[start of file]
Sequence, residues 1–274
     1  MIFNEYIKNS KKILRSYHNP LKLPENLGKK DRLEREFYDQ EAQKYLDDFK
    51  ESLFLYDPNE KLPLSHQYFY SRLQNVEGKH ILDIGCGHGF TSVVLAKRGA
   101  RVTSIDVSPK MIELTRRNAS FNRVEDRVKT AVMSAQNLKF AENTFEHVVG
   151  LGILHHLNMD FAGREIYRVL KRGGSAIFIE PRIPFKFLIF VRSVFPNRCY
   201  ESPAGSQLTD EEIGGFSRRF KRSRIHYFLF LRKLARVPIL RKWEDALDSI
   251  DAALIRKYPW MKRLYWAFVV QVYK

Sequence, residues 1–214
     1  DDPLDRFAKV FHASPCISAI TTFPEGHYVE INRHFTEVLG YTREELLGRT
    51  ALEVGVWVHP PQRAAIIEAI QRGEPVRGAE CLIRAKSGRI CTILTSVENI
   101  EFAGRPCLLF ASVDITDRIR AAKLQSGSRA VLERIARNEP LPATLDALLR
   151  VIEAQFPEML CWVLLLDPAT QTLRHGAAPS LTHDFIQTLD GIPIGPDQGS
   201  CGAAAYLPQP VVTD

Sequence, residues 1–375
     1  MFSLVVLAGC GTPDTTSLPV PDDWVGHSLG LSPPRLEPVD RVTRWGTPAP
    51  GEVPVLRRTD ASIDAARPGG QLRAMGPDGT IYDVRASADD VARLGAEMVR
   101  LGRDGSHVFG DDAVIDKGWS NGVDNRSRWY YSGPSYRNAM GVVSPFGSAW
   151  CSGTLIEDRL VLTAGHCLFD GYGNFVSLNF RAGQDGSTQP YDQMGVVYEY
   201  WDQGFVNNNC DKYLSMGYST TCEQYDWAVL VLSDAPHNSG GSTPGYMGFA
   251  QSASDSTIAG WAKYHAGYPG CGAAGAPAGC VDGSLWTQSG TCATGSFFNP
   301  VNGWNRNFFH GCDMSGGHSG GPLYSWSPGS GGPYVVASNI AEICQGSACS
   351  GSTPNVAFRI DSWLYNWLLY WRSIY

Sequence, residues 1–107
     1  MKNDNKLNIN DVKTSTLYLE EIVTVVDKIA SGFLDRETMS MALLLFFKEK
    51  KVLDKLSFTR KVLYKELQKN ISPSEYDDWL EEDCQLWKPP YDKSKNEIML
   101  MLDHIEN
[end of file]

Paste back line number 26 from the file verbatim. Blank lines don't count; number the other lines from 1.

   101  MLDHIEN